February 11, 2007 1 Comment
After reading 100’s of articles and discussing with various brokers and investment bankers, I’m convinced that the perfect mix for an investment portfolio will be a never ending debate. After this many years of stocks, bonds, real estate, etc., one would think a universal equation would have been derived that would take into account one’s asset amount, age, risk tolerance and investment timeframe. In the absence of such an equation, I’ve decided to publish yet another proposed “magic formula” to simplify the thought process of diversified investing. While none of the individual rules are original, they do represent a mix of various opinions and suggestions on the topic.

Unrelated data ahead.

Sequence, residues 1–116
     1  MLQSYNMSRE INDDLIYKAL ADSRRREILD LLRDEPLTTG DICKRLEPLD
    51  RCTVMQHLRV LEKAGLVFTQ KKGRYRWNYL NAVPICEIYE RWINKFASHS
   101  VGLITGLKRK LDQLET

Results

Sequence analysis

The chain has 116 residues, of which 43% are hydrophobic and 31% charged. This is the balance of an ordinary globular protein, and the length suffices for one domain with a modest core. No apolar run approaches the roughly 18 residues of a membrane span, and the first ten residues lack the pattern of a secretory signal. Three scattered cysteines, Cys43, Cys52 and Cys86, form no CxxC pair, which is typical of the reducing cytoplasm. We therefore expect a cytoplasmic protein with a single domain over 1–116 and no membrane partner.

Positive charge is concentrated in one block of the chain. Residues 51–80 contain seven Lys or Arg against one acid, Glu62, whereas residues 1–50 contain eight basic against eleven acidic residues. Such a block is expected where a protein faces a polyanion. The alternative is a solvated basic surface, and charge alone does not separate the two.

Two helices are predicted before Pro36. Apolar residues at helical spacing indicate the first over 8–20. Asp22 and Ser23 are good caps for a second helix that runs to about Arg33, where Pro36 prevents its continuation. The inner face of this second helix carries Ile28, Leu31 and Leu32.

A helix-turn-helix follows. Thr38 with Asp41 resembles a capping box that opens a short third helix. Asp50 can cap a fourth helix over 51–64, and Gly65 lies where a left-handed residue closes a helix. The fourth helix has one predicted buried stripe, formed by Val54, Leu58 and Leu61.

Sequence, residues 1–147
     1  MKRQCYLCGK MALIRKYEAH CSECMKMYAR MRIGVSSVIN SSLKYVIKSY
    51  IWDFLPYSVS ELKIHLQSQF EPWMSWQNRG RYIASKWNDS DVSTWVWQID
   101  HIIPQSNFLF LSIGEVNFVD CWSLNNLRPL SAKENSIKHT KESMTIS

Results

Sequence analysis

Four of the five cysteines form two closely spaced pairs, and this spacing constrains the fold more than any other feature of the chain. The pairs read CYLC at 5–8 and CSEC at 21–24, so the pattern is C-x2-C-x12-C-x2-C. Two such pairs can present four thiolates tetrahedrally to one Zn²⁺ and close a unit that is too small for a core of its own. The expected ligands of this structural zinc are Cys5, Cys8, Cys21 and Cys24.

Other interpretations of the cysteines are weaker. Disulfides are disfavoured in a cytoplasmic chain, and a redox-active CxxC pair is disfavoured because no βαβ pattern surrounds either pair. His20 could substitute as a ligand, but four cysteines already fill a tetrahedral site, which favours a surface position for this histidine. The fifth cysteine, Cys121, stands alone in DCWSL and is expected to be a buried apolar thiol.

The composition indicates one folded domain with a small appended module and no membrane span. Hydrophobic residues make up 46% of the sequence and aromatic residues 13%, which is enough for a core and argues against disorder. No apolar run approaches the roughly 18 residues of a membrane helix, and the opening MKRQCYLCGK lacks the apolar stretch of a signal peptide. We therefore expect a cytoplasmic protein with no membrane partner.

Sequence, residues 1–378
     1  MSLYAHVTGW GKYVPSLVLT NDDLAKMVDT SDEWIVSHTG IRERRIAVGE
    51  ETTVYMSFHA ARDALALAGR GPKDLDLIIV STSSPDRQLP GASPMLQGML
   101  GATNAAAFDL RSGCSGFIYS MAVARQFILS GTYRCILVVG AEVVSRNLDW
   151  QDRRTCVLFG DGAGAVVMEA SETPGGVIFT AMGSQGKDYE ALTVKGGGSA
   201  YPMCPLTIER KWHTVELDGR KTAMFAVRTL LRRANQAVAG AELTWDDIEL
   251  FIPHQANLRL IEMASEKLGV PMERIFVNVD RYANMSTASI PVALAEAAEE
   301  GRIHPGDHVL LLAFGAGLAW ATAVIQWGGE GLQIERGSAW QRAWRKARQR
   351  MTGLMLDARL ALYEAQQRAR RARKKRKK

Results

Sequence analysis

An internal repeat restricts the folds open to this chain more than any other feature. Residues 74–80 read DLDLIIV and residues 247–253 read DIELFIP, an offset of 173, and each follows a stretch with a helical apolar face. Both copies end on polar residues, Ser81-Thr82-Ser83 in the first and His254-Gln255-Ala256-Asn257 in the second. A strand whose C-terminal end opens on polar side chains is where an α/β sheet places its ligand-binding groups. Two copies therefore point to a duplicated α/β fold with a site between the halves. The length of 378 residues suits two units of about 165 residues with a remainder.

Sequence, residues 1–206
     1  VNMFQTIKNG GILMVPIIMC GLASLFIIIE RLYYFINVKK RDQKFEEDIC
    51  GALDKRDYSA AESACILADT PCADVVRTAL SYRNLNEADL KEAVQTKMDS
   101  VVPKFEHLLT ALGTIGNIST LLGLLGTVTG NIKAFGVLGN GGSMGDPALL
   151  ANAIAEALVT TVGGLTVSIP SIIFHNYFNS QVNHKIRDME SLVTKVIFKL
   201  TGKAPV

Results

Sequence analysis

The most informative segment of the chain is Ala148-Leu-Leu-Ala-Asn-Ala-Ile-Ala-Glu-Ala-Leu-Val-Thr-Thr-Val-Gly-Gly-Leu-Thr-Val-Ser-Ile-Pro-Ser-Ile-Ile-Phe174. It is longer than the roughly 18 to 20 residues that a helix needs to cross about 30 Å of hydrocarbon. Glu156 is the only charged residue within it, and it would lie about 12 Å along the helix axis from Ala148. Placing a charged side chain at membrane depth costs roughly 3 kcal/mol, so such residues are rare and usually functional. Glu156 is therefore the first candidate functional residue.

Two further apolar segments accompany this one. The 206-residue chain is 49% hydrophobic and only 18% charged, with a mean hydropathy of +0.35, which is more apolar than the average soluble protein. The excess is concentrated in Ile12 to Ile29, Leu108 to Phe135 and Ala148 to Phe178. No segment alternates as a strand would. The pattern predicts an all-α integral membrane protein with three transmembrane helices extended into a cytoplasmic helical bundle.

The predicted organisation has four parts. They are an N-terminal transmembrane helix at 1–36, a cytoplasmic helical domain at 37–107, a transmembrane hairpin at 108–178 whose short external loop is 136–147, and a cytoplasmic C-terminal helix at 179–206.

Rule 1: Percentage invested in stocks: 100 minus current age.
Rule 2: Percentage invested in fixed income: everything else not invested in stocks.
Rule 3: Use future investments to keep the first two rules in check and avoid transferring money to and from investments as much as possible.
Rule 4: Point at which readjustment should be made: when the first two rules are off by 5% or greater.
Some FAQs for the equation:
- An example for a 35 year old: 100-35=65% invested in stocks. 35% would be in bonds and/or other fixed income investments.
- The equation does not account for investments one might have in their primary residence. A future post will discuss this matter.
- The stock mix could (and most likely should) include mutual funds and individual stocks in a variety of sectors.
- An additional method for keeping the first two rules in check is to use money from the fixed income and/or dividends to fund the lagging area.